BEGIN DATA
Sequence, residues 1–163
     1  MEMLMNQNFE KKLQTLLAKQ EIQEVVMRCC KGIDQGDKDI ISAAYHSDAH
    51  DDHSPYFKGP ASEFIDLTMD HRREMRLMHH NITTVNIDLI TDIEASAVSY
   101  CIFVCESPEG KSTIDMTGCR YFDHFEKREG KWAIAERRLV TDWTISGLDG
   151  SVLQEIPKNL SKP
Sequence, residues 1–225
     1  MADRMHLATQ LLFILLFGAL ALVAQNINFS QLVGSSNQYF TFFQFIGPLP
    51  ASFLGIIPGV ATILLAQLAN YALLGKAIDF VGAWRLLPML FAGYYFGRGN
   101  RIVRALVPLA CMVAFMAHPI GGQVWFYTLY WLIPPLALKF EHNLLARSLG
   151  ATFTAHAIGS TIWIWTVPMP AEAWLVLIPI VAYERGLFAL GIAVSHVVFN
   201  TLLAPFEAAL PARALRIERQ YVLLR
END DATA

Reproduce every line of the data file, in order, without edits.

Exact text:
Sequence, residues 1–163
     1  MEMLMNQNFE KKLQTLLAKQ EIQEVVMRCC KGIDQGDKDI ISAAYHSDAH
    51  DDHSPYFKGP ASEFIDLTMD HRREMRLMHH NITTVNIDLI TDIEASAVSY
   101  CIFVCESPEG KSTIDMTGCR YFDHFEKREG KWAIAERRLV TDWTISGLDG
   151  SVLQEIPKNL SKP
Sequence, residues 1–225
     1  MADRMHLATQ LLFILLFGAL ALVAQNINFS QLVGSSNQYF TFFQFIGPLP
    51  ASFLGIIPGV ATILLAQLAN YALLGKAIDF VGAWRLLPML FAGYYFGRGN
   101  RIVRALVPLA CMVAFMAHPI GGQVWFYTLY WLIPPLALKF EHNLLARSLG
   151  ATFTAHAIGS TIWIWTVPMP AEAWLVLIPI VAYERGLFAL GIAVSHVVFN
   201  TLLAPFEAAL PARALRIERQ YVLLR